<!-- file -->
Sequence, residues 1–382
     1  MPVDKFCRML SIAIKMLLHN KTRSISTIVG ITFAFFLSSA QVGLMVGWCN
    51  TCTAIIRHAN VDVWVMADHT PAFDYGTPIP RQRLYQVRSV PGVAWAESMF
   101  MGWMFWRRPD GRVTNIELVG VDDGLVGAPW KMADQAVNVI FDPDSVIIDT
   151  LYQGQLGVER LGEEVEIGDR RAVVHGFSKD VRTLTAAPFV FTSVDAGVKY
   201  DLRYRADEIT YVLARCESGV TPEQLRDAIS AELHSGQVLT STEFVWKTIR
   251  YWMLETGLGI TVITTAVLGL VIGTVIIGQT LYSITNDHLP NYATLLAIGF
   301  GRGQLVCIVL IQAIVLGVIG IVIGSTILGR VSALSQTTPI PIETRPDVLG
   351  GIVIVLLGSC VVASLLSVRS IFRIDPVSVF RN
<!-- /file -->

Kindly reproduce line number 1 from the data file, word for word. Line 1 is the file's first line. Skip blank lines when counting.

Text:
Sequence, residues 1–382